Researchers from Mount Sinai School of Medicine have discovered a novel function of brain insulin, indicating that impaired brain insulin action may be the cause of the unrestrained lipolysis that initiates and worsens type 2 diabetes in humans.
The research team, led by Christoph Buettner, MD, Assistant Professor of Medicine in the Division of Endocrinology, Diabetes and Bone Disease at Mount Sinai School of Medicine, first infused a tiny amount of insulin into the brains of rats and then assessed glucose and lipid metabolism in the whole body. In doing so, they found that brain insulin suppressed lipolysis, a process during which triglycerides in fat are broken down and fatty acids are released.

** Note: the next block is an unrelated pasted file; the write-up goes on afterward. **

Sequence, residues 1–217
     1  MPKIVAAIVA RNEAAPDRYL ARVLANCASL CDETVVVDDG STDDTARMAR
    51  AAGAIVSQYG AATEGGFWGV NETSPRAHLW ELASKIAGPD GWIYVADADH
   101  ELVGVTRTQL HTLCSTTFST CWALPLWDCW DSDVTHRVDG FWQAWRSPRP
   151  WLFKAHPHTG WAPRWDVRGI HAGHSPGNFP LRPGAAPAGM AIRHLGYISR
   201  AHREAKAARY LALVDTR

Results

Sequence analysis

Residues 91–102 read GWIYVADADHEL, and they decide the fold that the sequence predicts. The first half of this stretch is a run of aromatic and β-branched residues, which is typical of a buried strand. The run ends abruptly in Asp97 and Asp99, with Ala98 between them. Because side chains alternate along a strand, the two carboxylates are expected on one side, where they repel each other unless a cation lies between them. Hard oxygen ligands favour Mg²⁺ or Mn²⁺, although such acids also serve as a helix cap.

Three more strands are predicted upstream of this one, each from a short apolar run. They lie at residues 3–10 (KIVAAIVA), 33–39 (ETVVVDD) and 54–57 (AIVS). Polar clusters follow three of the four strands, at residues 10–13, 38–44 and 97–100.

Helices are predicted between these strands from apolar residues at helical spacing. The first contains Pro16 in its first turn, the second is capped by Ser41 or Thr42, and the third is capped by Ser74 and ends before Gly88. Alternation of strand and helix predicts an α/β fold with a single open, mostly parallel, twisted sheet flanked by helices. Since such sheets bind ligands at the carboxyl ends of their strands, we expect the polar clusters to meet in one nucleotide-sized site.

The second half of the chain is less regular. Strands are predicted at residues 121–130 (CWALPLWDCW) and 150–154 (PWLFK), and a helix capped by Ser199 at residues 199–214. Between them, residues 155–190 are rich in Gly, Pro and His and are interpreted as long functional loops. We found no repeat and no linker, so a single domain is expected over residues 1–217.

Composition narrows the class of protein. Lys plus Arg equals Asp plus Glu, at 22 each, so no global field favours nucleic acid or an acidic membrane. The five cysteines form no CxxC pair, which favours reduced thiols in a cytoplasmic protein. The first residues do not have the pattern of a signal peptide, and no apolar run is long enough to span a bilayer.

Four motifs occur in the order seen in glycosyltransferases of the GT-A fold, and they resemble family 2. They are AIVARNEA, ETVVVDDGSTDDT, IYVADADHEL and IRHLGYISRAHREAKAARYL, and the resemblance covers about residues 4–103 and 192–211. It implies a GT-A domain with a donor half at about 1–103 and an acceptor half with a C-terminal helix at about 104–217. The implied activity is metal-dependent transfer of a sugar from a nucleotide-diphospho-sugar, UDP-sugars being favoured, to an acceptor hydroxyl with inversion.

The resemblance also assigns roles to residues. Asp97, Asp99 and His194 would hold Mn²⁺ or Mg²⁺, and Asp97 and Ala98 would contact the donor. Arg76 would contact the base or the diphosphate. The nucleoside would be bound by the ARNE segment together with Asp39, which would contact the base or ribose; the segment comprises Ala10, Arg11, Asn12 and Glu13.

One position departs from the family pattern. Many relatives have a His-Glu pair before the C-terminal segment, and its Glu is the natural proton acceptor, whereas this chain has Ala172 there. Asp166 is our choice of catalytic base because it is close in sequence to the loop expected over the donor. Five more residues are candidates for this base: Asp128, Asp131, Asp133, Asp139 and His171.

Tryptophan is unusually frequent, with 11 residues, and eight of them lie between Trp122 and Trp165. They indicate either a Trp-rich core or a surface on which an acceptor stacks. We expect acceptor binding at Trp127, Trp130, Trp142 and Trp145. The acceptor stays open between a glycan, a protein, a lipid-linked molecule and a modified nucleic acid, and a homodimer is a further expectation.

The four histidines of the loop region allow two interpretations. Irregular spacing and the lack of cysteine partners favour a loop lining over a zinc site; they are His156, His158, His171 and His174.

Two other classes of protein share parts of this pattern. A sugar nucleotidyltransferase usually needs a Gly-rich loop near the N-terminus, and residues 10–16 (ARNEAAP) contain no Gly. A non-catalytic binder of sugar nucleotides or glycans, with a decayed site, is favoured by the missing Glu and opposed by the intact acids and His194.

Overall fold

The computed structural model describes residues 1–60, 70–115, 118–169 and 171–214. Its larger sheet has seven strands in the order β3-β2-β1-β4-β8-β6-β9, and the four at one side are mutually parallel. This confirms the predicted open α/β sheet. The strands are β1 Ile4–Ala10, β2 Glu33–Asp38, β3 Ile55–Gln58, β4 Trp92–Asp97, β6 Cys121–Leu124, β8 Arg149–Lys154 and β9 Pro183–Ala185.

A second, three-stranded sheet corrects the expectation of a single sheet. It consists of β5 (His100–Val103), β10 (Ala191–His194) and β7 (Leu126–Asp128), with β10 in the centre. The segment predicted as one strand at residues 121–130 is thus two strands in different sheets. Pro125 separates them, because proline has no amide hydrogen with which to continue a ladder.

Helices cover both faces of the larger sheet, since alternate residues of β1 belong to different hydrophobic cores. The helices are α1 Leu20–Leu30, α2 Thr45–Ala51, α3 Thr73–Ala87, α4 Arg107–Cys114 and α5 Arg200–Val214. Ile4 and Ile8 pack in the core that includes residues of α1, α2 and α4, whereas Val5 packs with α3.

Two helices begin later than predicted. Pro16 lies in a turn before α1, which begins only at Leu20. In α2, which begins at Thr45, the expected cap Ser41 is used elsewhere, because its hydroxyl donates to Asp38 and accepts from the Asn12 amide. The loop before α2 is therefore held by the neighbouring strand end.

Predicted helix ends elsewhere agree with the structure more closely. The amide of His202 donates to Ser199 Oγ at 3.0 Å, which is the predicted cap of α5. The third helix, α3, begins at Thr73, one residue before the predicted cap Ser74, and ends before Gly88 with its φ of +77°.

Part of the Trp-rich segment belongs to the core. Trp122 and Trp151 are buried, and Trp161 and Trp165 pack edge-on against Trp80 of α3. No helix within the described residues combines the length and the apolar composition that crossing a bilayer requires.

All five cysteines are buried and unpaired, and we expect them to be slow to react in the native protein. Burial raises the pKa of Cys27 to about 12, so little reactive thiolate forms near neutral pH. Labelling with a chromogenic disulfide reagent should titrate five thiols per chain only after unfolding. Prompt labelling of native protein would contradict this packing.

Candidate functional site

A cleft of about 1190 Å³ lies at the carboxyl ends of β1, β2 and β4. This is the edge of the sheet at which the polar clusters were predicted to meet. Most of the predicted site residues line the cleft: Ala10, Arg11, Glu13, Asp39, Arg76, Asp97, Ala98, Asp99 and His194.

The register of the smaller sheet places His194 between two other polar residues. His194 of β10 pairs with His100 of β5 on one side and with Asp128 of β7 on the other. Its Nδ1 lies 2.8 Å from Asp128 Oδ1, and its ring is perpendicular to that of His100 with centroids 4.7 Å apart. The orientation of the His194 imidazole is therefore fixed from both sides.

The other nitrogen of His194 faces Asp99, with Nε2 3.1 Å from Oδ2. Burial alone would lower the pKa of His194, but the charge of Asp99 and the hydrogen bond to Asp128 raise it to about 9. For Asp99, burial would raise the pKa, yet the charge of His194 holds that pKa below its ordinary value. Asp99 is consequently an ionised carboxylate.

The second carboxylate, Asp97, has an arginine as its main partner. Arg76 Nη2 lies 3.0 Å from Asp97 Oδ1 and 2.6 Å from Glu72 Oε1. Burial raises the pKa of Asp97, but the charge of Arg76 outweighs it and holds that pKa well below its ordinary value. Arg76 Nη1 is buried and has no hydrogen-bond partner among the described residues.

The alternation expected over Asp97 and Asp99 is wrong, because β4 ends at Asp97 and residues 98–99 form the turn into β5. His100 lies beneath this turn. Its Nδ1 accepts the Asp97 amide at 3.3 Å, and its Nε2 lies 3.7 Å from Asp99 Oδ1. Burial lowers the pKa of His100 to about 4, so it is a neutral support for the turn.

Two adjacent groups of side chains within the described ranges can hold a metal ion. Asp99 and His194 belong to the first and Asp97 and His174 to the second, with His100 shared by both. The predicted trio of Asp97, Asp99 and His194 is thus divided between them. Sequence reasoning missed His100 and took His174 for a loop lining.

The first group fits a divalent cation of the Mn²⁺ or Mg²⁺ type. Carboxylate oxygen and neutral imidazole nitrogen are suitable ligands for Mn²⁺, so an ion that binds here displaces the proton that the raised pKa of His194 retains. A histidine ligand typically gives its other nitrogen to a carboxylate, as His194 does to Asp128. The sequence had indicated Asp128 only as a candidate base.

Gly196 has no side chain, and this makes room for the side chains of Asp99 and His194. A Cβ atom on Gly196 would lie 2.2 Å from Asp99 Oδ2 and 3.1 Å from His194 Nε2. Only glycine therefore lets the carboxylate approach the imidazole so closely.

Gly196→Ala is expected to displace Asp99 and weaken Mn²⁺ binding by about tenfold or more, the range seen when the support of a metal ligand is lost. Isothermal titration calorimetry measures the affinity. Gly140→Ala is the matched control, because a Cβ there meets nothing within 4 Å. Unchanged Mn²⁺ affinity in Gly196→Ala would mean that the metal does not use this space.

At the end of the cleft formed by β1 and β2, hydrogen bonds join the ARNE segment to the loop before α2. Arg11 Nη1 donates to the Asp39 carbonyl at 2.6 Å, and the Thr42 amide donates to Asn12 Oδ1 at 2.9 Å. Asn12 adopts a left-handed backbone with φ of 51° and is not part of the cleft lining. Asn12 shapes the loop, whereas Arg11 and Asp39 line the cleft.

Furthermore, in mice that lacked the brain insulin receptor, lipolysis was unrestrained. While fatty acids are important energy sources during fasting, they can worsen diabetes, especially when they are released after the person has eaten, as happens in people with diabetes. Researchers previously believed that insulin’s ability to suppress lipolysis was entirely mediated through insulin receptors expressed on adipocytes, or fat tissue cells.
The research is published this month in the journal Cell Metabolism.
Source: Mount Sinai School of Medicine